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Thank you John A for your well versed discussion.

With respect to jlf comment immediately above, he notes an important characteristic, although some may put it in the category of "philosophy".

That is, the term "deferred compensation" has come to be applied to all DB and DC plans, pimarily because that is how the US laws, especially tax laws, treat and label them. However, throughout the history of DB plans, it would be more correct to view them as related to "paternalism" rather than "compensation". I know that this is an overgeneraization, but consider taht this is very often the difference between DB and DC plans.

I'm a retirement actuary. Nothing about my comments is intended or should be construed as investment, tax, legal or accounting advice. Occasionally, but not all the time, it might be reasonable to interpret my comments as actuarial or consulting advice.

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Pax; you're on point. The relationship between a DB retiree and the Plan is akin to a creditor and debtor. The only claim the retiree has against the invested assets is the timely payment of benefits.

As far as philosophy is concerned doesn't the DB System help maintain a second class citizenship?

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Not sure what you mean by "second class citizen". If you refer to the dependence of the the DB plan participant on the plan and the employer, I think you are being overly cynical (admittedly, there are some employers that no one should be dependent upon).

If there is any maintenance of second class citizenship in our society, I would be reluctant to blame it on a tax-advantaged employee benefit, especially one that is voluntary on the part of the plan sponsor.

I'm a retirement actuary. Nothing about my comments is intended or should be construed as investment, tax, legal or accounting advice. Occasionally, but not all the time, it might be reasonable to interpret my comments as actuarial or consulting advice.

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A second class citizenry is the the result because the DB IS GUARANTEED TO LOSE IT'S PURCHASING POWER. Rest assure, however, this was all the DB design was INTENDED TO DO! This REALITY should not be defended based on the retirement benefit being voluntary.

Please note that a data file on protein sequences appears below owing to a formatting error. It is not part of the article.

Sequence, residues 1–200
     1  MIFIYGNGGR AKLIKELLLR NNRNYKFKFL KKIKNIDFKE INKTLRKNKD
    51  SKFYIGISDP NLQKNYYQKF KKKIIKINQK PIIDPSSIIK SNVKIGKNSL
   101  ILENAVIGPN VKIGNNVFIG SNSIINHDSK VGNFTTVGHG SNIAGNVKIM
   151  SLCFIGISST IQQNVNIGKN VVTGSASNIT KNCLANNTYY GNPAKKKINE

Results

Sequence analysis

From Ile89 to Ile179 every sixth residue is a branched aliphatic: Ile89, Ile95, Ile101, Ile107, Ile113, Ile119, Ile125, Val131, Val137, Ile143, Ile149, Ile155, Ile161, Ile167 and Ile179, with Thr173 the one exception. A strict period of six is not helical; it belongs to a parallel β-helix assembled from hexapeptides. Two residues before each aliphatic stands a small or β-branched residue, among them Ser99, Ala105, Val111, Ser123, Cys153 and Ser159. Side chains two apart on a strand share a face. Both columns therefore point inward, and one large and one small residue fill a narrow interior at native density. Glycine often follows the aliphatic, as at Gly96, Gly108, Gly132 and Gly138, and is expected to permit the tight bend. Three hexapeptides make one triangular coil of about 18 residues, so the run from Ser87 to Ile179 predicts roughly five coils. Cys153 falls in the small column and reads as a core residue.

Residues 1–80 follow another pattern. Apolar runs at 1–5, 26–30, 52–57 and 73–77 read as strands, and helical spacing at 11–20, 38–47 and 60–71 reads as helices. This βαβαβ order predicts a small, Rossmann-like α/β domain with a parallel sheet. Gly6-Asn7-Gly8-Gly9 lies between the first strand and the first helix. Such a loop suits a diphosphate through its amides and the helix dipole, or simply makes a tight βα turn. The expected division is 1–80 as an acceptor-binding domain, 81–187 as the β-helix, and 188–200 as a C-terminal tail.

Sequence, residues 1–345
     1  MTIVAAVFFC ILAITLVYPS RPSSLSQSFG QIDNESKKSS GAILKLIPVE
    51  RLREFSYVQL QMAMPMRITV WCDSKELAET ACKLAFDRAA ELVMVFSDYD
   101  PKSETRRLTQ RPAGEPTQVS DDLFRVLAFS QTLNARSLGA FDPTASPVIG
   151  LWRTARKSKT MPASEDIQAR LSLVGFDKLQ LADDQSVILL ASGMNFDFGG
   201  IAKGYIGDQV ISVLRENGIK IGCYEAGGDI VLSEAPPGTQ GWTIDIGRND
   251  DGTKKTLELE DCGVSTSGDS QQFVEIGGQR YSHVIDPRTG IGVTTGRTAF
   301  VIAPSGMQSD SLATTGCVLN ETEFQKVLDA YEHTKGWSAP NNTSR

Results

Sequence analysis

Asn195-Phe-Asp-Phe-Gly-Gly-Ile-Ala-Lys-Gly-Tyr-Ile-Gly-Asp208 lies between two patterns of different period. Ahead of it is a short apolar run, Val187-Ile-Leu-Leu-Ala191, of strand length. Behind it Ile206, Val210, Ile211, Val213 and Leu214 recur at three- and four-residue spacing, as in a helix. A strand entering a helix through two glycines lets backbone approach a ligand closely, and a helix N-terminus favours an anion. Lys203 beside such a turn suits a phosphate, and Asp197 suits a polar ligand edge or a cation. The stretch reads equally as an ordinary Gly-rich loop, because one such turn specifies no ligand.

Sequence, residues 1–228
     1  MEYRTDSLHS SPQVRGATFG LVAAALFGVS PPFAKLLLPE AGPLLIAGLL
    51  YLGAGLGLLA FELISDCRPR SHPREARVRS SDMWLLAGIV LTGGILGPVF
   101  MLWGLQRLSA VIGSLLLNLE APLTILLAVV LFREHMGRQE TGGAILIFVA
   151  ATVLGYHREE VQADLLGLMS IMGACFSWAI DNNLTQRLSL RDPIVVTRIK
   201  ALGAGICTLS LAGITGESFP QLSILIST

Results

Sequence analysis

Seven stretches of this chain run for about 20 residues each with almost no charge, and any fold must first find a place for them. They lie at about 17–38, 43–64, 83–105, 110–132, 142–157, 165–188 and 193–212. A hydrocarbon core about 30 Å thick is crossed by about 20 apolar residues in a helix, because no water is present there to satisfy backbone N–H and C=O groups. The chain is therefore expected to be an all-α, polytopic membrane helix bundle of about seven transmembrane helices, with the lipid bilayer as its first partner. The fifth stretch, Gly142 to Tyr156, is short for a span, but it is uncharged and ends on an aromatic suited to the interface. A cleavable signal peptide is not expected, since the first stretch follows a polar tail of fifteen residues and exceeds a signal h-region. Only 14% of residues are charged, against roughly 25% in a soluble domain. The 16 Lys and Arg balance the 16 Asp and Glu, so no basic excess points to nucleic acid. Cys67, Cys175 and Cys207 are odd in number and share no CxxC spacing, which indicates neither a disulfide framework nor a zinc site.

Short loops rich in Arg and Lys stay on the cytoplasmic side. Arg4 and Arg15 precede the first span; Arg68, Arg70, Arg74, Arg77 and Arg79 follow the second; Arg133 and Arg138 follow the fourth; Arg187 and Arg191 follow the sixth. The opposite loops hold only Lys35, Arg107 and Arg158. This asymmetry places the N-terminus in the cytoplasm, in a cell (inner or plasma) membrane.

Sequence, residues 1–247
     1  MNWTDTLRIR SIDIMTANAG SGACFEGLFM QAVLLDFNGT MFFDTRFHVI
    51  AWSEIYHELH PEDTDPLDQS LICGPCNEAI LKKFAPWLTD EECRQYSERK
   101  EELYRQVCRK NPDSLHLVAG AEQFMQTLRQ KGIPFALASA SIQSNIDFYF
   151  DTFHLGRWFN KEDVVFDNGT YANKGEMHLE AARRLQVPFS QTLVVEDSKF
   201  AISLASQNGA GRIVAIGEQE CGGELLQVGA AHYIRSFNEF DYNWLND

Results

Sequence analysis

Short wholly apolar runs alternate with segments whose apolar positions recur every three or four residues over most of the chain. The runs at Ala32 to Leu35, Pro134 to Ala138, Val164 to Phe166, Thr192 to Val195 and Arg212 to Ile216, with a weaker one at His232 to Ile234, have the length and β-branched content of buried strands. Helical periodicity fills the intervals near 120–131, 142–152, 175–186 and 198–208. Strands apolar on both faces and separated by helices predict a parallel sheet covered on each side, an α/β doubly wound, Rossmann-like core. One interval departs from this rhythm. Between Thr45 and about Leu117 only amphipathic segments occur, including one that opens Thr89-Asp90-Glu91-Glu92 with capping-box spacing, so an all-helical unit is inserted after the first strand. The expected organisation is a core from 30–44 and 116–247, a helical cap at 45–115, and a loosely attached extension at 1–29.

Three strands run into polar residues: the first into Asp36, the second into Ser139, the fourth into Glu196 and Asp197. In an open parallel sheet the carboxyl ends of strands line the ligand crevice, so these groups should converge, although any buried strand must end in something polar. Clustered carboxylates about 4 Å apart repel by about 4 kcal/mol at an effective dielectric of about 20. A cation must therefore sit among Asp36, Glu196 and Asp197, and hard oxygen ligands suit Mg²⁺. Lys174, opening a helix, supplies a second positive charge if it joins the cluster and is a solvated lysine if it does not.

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I don't agree. If a DB plan is guaranteed to lose its purchasing power, then one can conclude that inflation is guaranteed. Not so, although it does seem to be fairly common. However, that also means that any EE's pay is equally guaranteed to lose its purchasing power.

jlf,

you seem to be cynical about DB plans (or perhaps about their sponsors). Rather than just complain, what is your suggestion for improvement? (Try to keep it short.)

I'm a retirement actuary. Nothing about my comments is intended or should be construed as investment, tax, legal or accounting advice. Occasionally, but not all the time, it might be reasonable to interpret my comments as actuarial or consulting advice.

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jlf, what about multiemployer DB plans as the "champion" of the working man.

1) contributions are almost always collectively bargained so money goes "in" even if it is in excess of the minimum funding standard,

2) multiemployer nature provides portability

3) benefit levels are sometimes bargained, but even when they are not "Taft-Hartley" funds require equal employee representation on the Board for both setting benefit levels and investments.

4) For larger plans, trustee directed nature allows a percentage of the assets to be invested "cutting edge" investment opportunities not usually afforded in participant directed plans such as VCOCs REOCs etc. Given recent investment returns, some multiemployer plans have 415(B) 100% of comp problems.

5) DB nature provides guaranteed benefits in retirement for the life of the participant.

Finally, if DB Plans are so much more favorable for employers, why have large corporate employers moved away from traditional DB Plans to DC Plans over the past 20 years? I am sure that regulatory complexity and employee desire for portability and "control" of investments are factors. However, I would think that the "bottom line" analysis by these employers is that, in the long run, the DC Plan is generally less of a financial commitment.

[This message has been edited by KJohnson (edited 11-01-1999).]

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DB plans may be guaranteed to lose their purchasing power, but that shouldn't necessarily be the concern of the employer. Come on, the employees have to take some responsibility for their own retirement.... Private pensions are but one of the legs on the "three legged stool" of financial security in retirement. Besides, It is still yet to be seen how many boomers run out of money before they run out of life. Stuidies still suggest that assets in participant directed DC plans will be insufficient for retirement.... the last 10 years notwithstanding....